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Monday, 21 November 2016

The paperback that was NOT to be released


When Ian Fleming released his tenth book about his secret agent James Bond back in 1962 he was not prepared for the reviews that followed.

Ian Fleming was somewhat sick and tired of writing the Bond novels and had previously changed his formula by writing short stories in his FOR YOUR EYES ONLY collection released in 1961.
This time he did something completely different. He did not write the book from James Bond perspective but instead from the female mind and he decided to only let James Bond apear in the second part of the book half way into the story.

When the novel was released on April 16 in 1961 the reviewers were not happy about the drastic change Fleming had done to the formula.

Sadly I do not own any of the reviews in print in my collection but the below review quotes can be found on Wikipedia.

The Daily Telegraph, wrote "Oh Dear Oh Dear Oh Dear! And to think of the books Mr Fleming once wrote!" while The Glasgow Herald thought Fleming finished: "His ability to invent a plot has deserted him almost entirely and he has had to substitute for a fast-moving story the sorry misadventures of an upper-class tramp, told in dreary detail." Writing in The Observer, Maurice Richardson described the tale as "a new and regrettable if not altogether unreadable variation",[going on to hope that "this doesn't spell the total eclipse of Bond in a blaze of cornography".Richardson ended his piece by berating Fleming, asking: "why can't this cunning author write up a bit instead of down?" The critic for The Times was not dismissive of Bond, who they describe as "less a person than a cult" who is "ruthlessly, fashionably efficient in both love and war". Rather the critic dismisses the experiment, writing that "the novel lacks Mr. Fleming's usual careful construction and must be written off as a disappointment." John Fletcher thought that it was "as if Mickey Spillane had tried to gatecrash his way into the Romantic Novelists' Association".
Philip Stead, writing in The Times Literary Supplement considered the novel to be "a morbid version of that of Beauty and the Beast".The review noted that once Bond arrives on the scene to find Michel threatened by the two thugs, he "solves [the problem] in his usual way. A great quantity of ammunition is expended, the zip-fastener is kept busy and the customary sexual consummation is associated with the kill." Stead also considered that with the words of the police captain "Mr. Fleming seems to have summarized in this character's remarks some of the recent strictures on James Bond's activities." Vernon Scannell, as critic for The Listener, considered The Spy Who Loved Me to be "as silly as it is unpleasant". What aggrieved him most, however, was that "the worst thing about it is that it really is so unremittingly, so grindingly boring."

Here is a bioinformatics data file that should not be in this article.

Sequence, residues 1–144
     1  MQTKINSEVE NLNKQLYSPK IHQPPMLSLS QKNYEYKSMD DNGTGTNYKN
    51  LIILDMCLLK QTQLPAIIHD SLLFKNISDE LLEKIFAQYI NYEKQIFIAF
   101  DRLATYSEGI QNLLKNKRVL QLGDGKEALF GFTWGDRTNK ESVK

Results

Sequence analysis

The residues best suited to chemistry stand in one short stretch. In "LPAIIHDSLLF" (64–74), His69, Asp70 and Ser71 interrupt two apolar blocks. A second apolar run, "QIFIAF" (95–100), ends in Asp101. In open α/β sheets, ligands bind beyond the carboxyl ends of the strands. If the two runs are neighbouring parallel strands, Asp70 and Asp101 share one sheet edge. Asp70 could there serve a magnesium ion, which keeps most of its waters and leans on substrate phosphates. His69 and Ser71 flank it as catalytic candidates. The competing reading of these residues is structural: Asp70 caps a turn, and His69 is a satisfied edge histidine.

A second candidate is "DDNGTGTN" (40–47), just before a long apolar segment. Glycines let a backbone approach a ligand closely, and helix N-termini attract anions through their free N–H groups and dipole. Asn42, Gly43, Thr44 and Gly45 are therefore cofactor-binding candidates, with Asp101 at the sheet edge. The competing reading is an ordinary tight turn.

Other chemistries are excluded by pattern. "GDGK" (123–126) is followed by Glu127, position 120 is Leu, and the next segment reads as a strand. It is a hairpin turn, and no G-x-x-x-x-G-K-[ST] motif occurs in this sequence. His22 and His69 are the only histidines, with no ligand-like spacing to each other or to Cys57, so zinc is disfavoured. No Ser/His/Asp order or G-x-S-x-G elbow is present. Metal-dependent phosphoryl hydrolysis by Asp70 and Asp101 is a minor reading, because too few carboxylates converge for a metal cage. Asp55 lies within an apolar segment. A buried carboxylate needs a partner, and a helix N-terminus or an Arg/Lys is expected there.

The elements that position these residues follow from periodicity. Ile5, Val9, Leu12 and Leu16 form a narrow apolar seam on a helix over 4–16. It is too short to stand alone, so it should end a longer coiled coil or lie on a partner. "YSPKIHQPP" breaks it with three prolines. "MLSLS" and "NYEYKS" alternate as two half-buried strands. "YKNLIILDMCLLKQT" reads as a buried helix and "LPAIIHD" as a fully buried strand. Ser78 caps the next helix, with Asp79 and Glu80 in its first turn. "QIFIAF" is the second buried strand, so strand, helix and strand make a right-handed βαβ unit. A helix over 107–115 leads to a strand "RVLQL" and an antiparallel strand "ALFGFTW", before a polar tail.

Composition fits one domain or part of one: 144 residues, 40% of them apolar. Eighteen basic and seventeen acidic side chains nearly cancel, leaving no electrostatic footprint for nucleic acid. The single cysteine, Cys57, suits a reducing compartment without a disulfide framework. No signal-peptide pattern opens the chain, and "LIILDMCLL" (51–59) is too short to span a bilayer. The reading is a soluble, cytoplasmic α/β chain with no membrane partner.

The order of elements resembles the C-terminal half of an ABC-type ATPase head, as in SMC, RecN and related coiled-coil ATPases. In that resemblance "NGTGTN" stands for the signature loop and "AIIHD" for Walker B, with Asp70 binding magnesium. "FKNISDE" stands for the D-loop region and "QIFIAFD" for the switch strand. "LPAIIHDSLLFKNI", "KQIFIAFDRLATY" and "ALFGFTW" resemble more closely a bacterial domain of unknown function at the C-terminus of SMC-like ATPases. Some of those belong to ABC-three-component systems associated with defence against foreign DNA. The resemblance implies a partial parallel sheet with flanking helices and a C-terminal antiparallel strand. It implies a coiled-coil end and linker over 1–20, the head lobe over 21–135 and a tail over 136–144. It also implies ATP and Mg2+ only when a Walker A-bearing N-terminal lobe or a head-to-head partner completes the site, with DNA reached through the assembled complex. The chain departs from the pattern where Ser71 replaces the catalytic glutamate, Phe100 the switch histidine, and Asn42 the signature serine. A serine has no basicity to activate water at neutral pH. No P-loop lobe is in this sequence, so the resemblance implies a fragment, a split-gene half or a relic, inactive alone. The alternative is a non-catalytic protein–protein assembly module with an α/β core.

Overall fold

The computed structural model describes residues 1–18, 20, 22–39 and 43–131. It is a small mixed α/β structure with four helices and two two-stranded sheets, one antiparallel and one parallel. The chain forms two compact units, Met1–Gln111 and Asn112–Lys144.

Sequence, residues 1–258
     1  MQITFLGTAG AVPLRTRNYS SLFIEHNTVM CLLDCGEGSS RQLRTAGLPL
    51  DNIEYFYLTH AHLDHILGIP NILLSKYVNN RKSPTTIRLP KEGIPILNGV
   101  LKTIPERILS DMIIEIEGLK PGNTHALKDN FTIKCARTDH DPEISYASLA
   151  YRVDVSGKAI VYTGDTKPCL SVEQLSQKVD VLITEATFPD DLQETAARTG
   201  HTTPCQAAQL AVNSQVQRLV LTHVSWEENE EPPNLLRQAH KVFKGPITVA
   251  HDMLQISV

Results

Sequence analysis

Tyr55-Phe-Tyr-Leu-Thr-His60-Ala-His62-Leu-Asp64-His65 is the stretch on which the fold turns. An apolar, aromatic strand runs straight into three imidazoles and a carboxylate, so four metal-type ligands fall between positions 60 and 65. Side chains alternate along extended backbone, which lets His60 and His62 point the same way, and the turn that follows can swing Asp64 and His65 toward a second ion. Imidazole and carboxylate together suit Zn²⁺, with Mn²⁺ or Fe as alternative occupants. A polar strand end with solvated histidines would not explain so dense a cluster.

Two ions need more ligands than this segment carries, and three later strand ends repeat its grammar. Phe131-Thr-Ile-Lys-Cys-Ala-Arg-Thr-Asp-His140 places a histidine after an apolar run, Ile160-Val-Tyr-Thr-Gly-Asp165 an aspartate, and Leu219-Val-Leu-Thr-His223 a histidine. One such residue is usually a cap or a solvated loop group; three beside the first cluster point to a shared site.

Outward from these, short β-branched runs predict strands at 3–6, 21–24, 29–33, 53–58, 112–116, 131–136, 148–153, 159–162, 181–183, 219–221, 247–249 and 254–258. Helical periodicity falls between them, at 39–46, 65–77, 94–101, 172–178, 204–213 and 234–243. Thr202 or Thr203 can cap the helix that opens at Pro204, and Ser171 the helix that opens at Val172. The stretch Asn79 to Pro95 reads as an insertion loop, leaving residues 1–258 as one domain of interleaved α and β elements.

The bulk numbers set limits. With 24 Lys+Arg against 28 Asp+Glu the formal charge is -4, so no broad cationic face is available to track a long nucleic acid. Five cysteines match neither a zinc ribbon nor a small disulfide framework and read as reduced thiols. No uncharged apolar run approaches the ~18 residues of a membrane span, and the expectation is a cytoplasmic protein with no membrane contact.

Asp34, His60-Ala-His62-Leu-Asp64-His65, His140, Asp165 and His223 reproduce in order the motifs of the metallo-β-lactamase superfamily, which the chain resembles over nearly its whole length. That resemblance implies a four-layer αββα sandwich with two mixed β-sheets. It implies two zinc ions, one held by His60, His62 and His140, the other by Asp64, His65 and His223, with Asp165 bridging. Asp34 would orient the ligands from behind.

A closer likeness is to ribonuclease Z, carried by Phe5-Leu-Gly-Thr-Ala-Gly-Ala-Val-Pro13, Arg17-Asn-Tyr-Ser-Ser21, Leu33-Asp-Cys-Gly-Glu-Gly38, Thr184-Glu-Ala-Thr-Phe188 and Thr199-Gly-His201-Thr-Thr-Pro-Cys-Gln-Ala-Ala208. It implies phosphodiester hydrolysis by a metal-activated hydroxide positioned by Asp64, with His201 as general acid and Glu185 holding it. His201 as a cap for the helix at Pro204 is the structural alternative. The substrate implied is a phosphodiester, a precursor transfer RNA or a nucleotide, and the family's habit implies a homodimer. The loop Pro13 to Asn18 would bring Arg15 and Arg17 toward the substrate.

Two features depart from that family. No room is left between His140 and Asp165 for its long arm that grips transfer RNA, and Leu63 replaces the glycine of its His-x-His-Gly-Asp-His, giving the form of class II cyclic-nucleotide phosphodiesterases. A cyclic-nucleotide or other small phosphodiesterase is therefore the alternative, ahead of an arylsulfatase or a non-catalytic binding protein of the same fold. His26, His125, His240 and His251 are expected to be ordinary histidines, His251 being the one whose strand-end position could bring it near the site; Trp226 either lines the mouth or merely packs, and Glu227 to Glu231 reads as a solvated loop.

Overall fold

The critic for Time lamented the fact that "unaccountably lacking in The Spy Who Loved Me are the High-Stake Gambling Scene, the Meal-Ordering Scene, the Torture Scene, the battleship-grey Bentley, and Blades Club." The critic also bemoaned the fact that "among the shocks and disappointments 1962 still has in store ... is the discovery that the cruel, handsome, scarred face of James Bond does not turn up until more than halfway through Ian Fleming's latest book. Anthony Boucher meanwhile wrote that the "author has reached an unprecedented low".

So As you can see above Fleming took a hammering when reading the reviews for his latest novel.

Ian took this hard. Actually so hard that he tried to stop the book from being published again. He forbid the book to be published as a paperback, there were to be no comic strip adaptation and when he sold the rights to make films of his books to Albert R Broccoli and Harry Saltzman he only sold them the title for the book and not the story itself. He did not wish to ever have it released again.

So how come there is a Pan Books release of the book and why has the book been sold in many different versions after 1962?
Well Fleming passed away as we all know on August 14 in 1964 and the rights to his books went to his relatives. They waited three years until the books was released in paperback. In 1967-68 the book was also the last original Ian Fleming story to be converted into a comic strip.

In 1977 the film with the title THE SPY WHO LOVED ME was released by Eon Productions. The title as as we all know the only connection that film has to Fleming. The story was all new.

 Below is the 1967 paperback released by Pan Books.







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